We could write 50 pages on KM, but let's summarize some high-level steps. Your encryption roll-out must start with a requirements analysis. You need to define the business, technical and legal drivers of the requirements. All of the requirements must be clearly identified and analyzed. If not, we suggest you stop and consider engaging outside consultants who specialize in their proper analysis and formalization. We have seen far too many projects fail due to requirements that were never fully identified and analyzed.

Next, start thinking about the encryption architecture. Who are the important parties involved? What are the operating and trust models that you are going to use? An important and often overlooked point is application integration. Not every application you have will be able to seamlessly add or even support encryption capabilities. While encryption is much easier for newer web-based implementations, what about that POS application that runs off an AS/400? The POS vendor may be long-gone, may not have addressed PABP or PA-DSS compliance, or may not want to re-write their application. Once the architecture is detailed and developed, ensure that adequate security related testing is done prior to roll-out.

Also, ensure that encryption is part of your Disaster Recovery/Business Continuity Plan. Encryption functionality must be available 24 x 7. If your encryption appliance fails at 3:00 AM, a good BCP ensures that it does not bring down your entire merchant system and interrupt commerce. Also protection of encryption keys and encrypted data go hand in glove, and should not be overlooked when working through DR/BCP exercises.

Also, physical security is paramount. It should be noted that every vendor of network operating systems places the foundation of the network operating systems' security architecture at physical server level. If an unauthorized individual has physical control of your encryption appliance and encryption keys, that could be an utter disaster in the making.

Once you have completed those steps and your encryption program is deployed, you are still not finished. Your post-deployment plans are almost as important as your pre-deployment plans. All systems are subject to change -- and encryption is no exception. A well-designed encryption program should be able to seamlessly integrate new requirements without significant re-engineering of production systems. This includes upgrading systems to accommodate new releases, increase performance, capacity/availability requirements, hardware upgrades, and new end-user applications.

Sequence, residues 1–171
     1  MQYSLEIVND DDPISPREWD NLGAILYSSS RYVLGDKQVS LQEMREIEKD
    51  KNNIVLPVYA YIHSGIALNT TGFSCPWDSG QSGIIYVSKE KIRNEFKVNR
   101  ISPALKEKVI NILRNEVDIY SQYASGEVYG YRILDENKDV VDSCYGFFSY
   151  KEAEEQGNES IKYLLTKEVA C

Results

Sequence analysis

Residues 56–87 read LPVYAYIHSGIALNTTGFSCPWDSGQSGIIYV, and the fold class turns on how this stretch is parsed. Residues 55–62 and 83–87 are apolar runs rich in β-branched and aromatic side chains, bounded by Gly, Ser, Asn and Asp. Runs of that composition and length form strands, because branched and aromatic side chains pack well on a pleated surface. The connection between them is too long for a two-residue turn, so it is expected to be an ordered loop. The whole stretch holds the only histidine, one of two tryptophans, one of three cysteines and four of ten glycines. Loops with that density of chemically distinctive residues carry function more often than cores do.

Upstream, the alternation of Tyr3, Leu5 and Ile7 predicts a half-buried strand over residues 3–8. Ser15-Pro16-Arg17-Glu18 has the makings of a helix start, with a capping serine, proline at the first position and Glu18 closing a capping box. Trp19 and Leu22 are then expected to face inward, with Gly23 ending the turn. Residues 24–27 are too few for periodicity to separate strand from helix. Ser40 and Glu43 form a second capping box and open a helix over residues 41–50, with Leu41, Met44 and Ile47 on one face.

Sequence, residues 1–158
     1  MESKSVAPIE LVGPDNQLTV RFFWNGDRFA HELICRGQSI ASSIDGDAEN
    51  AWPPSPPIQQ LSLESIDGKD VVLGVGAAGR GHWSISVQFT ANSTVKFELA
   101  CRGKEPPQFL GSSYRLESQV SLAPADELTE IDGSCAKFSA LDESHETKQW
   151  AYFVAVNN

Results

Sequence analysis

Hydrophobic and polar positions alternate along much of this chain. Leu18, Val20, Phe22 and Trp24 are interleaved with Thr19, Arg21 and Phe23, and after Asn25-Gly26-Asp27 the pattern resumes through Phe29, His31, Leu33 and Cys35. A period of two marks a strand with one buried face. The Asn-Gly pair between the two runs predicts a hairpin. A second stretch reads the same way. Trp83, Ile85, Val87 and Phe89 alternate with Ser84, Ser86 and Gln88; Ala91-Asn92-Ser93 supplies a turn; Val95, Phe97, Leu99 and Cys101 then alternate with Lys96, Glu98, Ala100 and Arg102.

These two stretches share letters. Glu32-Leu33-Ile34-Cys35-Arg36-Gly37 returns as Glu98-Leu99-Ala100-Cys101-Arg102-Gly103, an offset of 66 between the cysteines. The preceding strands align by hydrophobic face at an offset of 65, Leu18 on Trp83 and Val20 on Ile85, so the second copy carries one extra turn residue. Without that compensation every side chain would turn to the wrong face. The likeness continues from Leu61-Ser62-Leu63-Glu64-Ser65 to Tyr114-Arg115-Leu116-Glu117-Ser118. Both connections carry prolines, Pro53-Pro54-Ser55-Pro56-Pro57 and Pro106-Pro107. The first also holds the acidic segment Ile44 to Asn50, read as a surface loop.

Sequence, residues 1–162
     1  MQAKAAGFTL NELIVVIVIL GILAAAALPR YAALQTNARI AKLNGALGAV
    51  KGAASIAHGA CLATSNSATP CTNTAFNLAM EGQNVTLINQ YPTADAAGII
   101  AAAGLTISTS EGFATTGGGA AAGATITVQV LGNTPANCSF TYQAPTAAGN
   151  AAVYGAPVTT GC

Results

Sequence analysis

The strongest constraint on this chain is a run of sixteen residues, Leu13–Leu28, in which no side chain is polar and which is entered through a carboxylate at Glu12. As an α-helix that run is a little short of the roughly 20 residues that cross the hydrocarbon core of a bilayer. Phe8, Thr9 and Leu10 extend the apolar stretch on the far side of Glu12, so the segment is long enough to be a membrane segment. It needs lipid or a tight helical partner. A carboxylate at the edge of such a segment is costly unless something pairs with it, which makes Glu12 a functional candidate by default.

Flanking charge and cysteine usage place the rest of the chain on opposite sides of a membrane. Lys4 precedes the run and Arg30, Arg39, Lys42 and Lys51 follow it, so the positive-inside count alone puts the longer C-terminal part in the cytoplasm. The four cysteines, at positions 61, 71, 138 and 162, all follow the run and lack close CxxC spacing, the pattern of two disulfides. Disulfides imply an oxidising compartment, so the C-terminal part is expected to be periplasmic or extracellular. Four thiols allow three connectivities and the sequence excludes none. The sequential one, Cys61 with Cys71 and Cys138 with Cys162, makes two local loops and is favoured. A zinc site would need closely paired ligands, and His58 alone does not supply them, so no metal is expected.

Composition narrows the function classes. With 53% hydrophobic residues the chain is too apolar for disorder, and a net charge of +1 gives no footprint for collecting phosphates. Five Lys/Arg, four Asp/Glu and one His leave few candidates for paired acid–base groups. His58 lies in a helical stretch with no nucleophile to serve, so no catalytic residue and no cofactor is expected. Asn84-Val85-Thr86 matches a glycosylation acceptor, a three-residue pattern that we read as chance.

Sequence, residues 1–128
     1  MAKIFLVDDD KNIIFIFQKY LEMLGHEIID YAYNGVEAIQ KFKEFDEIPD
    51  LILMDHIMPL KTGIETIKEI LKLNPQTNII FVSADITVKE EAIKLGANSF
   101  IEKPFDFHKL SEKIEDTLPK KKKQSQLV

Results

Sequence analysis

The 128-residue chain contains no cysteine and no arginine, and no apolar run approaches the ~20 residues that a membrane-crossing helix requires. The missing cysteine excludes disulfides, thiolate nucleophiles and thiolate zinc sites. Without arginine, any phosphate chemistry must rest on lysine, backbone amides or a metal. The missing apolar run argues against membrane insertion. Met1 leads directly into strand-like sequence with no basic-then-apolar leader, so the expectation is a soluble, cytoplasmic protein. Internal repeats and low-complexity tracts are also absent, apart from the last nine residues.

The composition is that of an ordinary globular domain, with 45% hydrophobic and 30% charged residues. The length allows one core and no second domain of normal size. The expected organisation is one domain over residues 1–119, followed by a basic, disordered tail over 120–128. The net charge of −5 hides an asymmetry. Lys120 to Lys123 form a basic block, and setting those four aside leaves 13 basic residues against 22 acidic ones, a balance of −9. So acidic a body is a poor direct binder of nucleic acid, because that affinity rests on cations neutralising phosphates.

PCI DSS Key Management Requirements

PCI is superb at providing details on how to deal with KM. PCI DSS requirement 3 - Protect stored cardholder data creates the requirements. The specific encryption requirements refer to section 3.6 of the PCI DSS requirements and includes the following:

3.6.1 Generation of strong keys

3.6.2 Secure key distribution

3.6.3 Secure key storage

3.6.4 Periodic changing of keys

3.6.5 Destruction of old keys

3.6.6 Split knowledge and establishment of dual control of keys

3.6.7 Prevention of unauthorized substitution of keys

3.6.8 Replacement of known or suspected compromised keys

3.6.9 Revocation of old or invalid keys

3.6.10 Requirement for key custodians

While the PCI DSS give a good amount of background on the requirements, it is important and highly recommended to review additional documentation surrounding this topic. The PCI Council references the NIST Key Management publication (SP 800-57) as a guideline for managing cryptographic keys.

Conclusions

Encryption is often seen as a quick and dirty way to fix years of security neglect. Sometimes it is considered scary and difficult to understand. While encryption is extremely powerful, it can only protect your data when its requirements are properly defined, and its implementation is properly deployed.

If you follow that advice and ensure your technical processes align with your business processes, you will find that your encryption deployment is both effective and efficient. Hopefully this article has shown you that encryption is something to be embraced -- not to be intimidated by. ##

Ben Rothke, CISSP, QSA (ben.rothke@bt.com), is a Security Consultant with BT Professional Services and the author of Computer Security: 20 Things Every Employee Should Know (McGraw-Hill Professional Education)

.

David Mundhenk, CISSP, PCI-DSS & PA-DSS QSA, QPASP (stratamund@sbcglobal.net), is a Security Consultant with a major professional services firm.